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### Closest Palindromic Dates

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Date: 02/07/2000 at 23:44:24
From: John Hessam
Subject: Palindromic dates of the 1900s (date.month.year)

Dear Dr. Math,

Problem: Using the abbreviation date.month.year (the last two digits
of the year), what are the 2 palindromic dates (of any number of
digits) closest together in the 1900s?

I have figured out that 1.1.11 and 11.1.11 are relatively close (10
days apart.) However, I have also found that 1.11.11 and 11.11.11 are
also ten days apart. I am wondering if there are any other two
palindromic dates in the 1900s closer together than ten days?

I'm extremely curious to find an approach other than "trial and error"
to solving this problem. Thanks.
```

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Date: 02/08/2000 at 17:20:10
From: Doctor TWE
Subject: Re: Palindromic dates of the 1900s (date.month.year)

Hi John - thanks for writing to Dr. Math.

That's a good question. I found a pair of palindromic dates that were
3 days apart. Here is an outline of my thinking:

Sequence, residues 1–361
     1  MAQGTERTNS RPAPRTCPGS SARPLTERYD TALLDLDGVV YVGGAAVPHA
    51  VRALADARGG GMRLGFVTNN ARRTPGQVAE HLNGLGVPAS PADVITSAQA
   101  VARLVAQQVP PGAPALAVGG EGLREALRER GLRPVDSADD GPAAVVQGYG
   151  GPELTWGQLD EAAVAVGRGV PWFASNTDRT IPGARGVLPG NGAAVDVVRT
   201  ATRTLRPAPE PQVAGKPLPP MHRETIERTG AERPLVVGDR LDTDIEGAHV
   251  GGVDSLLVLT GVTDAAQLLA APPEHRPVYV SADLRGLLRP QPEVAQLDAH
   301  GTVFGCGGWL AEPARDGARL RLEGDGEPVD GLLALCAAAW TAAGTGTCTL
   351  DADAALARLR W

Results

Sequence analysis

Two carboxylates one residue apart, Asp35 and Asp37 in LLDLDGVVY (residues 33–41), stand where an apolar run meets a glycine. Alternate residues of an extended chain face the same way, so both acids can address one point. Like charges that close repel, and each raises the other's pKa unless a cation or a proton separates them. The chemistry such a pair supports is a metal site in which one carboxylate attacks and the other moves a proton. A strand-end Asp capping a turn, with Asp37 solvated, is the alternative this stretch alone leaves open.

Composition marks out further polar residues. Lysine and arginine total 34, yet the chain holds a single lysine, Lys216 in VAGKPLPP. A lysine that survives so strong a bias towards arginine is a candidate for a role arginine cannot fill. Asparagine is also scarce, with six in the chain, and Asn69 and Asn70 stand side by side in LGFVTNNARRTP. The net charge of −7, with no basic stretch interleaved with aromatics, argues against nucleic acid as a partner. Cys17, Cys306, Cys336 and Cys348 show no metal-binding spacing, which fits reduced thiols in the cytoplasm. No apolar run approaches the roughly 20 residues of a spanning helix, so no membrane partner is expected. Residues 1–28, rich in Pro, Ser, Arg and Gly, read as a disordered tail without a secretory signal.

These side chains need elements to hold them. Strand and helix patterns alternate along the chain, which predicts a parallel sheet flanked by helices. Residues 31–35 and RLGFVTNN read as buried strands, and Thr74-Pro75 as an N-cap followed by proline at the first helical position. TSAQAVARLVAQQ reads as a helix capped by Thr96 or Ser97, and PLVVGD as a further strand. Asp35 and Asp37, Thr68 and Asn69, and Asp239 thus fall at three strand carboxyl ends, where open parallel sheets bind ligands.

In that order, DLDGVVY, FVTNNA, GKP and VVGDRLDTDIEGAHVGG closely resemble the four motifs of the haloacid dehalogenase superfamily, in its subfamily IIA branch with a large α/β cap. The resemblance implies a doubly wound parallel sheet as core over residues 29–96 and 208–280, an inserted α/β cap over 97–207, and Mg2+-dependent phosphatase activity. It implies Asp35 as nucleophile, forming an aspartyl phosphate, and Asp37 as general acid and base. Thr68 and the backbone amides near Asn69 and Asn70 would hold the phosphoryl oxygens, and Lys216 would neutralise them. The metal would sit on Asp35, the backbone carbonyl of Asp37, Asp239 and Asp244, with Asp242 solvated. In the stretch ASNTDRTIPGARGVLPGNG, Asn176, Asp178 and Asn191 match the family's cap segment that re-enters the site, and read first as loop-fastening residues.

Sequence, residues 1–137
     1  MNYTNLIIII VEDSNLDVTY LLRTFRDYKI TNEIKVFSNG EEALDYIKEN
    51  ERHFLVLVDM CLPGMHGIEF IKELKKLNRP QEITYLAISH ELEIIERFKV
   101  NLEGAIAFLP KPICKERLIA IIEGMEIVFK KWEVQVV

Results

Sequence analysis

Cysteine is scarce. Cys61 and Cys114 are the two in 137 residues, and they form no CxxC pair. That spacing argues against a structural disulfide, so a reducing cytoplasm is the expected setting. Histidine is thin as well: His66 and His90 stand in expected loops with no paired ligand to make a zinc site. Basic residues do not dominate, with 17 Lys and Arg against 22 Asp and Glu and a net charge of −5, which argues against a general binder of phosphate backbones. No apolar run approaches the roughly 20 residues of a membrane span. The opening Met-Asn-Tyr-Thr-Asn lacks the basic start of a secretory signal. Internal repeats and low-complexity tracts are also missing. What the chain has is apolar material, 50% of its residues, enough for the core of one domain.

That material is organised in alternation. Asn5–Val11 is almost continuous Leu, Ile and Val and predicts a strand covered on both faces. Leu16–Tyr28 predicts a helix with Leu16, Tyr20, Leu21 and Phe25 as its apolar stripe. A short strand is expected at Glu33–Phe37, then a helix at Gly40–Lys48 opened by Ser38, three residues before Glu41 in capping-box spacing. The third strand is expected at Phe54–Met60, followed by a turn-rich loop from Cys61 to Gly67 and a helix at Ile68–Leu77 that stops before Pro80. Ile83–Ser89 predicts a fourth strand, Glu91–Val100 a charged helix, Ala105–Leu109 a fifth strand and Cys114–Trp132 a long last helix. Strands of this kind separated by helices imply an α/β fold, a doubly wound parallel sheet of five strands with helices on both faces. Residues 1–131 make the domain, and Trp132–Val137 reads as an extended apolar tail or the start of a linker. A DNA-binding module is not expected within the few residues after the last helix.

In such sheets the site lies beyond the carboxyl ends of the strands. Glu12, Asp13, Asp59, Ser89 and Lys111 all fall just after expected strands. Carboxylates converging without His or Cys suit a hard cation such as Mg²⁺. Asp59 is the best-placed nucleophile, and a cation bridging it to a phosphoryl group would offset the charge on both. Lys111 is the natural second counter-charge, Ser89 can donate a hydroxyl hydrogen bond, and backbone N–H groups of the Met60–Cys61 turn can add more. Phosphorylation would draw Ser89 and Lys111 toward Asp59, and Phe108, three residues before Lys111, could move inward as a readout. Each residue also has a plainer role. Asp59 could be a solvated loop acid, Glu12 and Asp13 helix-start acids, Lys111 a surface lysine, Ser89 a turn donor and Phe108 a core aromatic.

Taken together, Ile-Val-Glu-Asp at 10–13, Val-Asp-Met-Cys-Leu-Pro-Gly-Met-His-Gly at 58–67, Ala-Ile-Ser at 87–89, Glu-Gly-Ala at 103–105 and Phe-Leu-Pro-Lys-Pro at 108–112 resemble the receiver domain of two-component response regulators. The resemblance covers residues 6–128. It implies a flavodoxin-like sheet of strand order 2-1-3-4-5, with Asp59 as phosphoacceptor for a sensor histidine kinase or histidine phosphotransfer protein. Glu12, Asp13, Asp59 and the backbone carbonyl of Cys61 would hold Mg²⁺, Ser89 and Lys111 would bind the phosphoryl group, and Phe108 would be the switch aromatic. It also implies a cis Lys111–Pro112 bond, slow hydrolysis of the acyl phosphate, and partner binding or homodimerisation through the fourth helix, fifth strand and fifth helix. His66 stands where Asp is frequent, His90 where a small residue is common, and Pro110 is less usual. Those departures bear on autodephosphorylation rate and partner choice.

In order to be less than 10 days apart, the two dates would either
have to fall in the same year, or to fall in December of one year and
January of the next. I'll consider the latter first; it's easier.

If the earlier date falls in December of some year, it must be of one
of the forms

ab.12.cd   or   e.12.fg

where a ~ g represent digits. We can see that the first combination
can't be a palindrome. The latest that the second combination could be
is December 9 (specifically, to be a palindrome 9.12.19), but that is
more than ten days away from the next January. Thus, the two dates
have to be in the same year.

If the dates are in the same year, then the last two digits of the two
dates (the year) are the same. Since both dates are palindromes, that
means that the first two digits have to be the same as well. The first
two digits could represent DD (a two-digit day), D.M (a single-digit
day and a single-digit month; January ~ September), or D.1M (a
single-digit day and a two-digit month, where the second overall digit
is the tens digit of the month; October ~ December). I'll assume that,
as in your examples, we won't represent single-digit days or months as
01, 02, etc. - though I don't think that it would change the result.

Now we'll break it into cases.

Case 1: DD -> DD
(Going from a date where the first two digits represent the day to
another date where the first two digits represent the day). Since the
two DD's have to be the same (the mirror image of the year), the best
we could do here is two dates a month apart. For example, 19.2.91 and
19.3.91.

Case 2: DD -> D.M
(Going from a date where the first two digits represent the day to a
date where the first two digits represent the day and month). The two
digits have to be the same, so we have to check things like:

31.ab.13   and   3.1.13
30.ab.03   and   3.0.03
:               :